Your worries around child-rearing sound a lot like mine. I have been really, really happy with the decision not to reproduce. Just to warn you, there were a few moments where I've had to mourn the fact that I'll never have children. It's the right choice, even if I still sometimes have pangs around children. So whatever you decide, understand that mourning the other choice not taken is OK.
posted by ldthomps at 9:46 AM on January 30, 2015 [2 favorites]

Cygnet, I think we don't disagree -- just looking at this from slightly different angles :)
posted by peacheater at 10:11 AM on January 30, 2015

Definitely get a dog. Or two dogs.
posted by shesbenevolent at 11:16 AM on January 30, 2015

So I'm not even sure you're still reading. But you asked from stories on both sides, so I'll share mine.

In my family, my youngest brother has Downs Syndrome, my cousin is paraplegic from a horrible tumor that developed in utero, and we have several family members with mental health issues. In addition, we have several friends who have had children diagnosed well after birth with a variety of issues. My brother wasn't diagnosed until after he was 2. So there's that - you can't test for EVERYTHING in utero. Things happen.

All of the parents of these kids have stayed married, and are doing what they can for the kids. HOWEVER, this isn't some tra-la-la thing where you say, "Oh, this kid I love so much is going to have mental disabilities and may never be able to live on their own, that's cool. No worries, dude." YES, you still love the kid. But dear gods, it's a process to work through where you accept what has happened. Two things I can tell you from that front:

My mom got so sick of people smiling sweetly and saying in syrupy tones, "God never gives you more than you can handle!" that she started looking them dead in the eye and stating flatly, "Yes, he does." She loves my brother. But the first couple years were hard on her.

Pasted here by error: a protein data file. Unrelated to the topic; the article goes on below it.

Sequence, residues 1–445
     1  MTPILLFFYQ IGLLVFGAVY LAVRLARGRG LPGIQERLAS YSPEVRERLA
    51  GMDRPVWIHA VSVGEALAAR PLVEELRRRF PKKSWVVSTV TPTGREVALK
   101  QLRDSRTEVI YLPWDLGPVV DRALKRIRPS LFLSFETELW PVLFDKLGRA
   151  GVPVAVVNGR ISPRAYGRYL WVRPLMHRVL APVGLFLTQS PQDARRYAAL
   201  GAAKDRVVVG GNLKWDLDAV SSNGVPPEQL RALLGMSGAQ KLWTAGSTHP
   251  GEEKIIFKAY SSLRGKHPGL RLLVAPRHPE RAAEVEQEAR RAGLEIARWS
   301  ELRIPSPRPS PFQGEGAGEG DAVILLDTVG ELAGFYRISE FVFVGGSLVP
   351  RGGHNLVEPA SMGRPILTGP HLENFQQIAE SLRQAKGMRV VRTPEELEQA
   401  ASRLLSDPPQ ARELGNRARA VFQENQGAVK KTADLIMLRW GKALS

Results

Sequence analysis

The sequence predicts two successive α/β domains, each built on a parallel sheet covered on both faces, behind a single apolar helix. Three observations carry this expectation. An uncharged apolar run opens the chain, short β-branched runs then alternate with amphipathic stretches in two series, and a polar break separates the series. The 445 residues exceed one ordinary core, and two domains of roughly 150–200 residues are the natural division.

My mom also later said that she had to spend a year mourning the "normal" child she had envisioned so she could truly love the child who was in front of her.

And - he's in Special Olympics now. He's an adult. Out of the 10 special needs people on his team, only 3 had family members show up to their latest event. The other 7 arrived on the bus from their group home, and I've never met their families, even after knowing some of them for 10 or more years. So no, it's not realistic to say "Oh even if you have a special needs kid you'll just love them anyways, unless you're some sort of heartless monster!". You have no idea how you'll react until you're actually in the situation.


So because I am so acutely aware that things can go horribly wrong - because I know there are no guarantees of having a normal child - I don't want to have a child. I have other reasons as well, deeply personal ones, but that's a main one. And I've had plenty of people say, "But you'd be such a good mom!" That's ok. Just because someone thinks I would be a good mom, doesn't mean I would be, or have to be. It's just their opinion.


Last summer, I had a pregnancy ... question. I wasn't scared, so I think calling it a pregnancy scare is a little melodramatic. But I'd realized it had been 2 months or so since I'd had a period, counted back, realized it had been 3 months, and got a couple at home pregnancy test kits. I definitely had mixed emotions. I knew if I was pregnant it would turn things upside down, but was I happy? Sad? Nervous? All 3 plus gods know what other emotions? Turns out I was not pregnant, and I was 98% relieved and 2% sad....and my partner was about the same. I don't think it's a simple thing at all for most people. Even now I occasionally think about it with a mix of relief and melancholy, but since it's so highly skewed toward relief, I think it's a good thing and don't plan to pursue having kids.

I think you're ok to look at it so logically, but for me, I can't handle knowing the fact that a normal child is not a guarantee - and I love my brother immensely. But that unknowingness, that randomness, that level of chance is too uncomfortable for me. So I volunteer with Special Olympics, and have fun with my nieces, nephews, and friends' kids, and save up for elder care for myself and my partner.
posted by RogueTech at 12:16 PM on January 30, 2015 [9 favorites]

Jeez, people. Haven't you EVER had thoughts like this? I have two kids I adore and I still sometimes look around longingly and wish I could have one nice thing in the house without it getting destroyed. I'm not a monster and neither is the OP.

OP, I think you are WAY overthinking this. Once you're sure that you are mentally and financially capable of being a decent parent, then you should stop listing the pros and cons and go with your gut.

Imagine that you're infertile; are you relieved, heartbroken, or neutral?

Imagine that you're 90 years old with no kids; do you see yourself having a full life?

As others have said, what does your wife say, and what have you said to her about this in the past?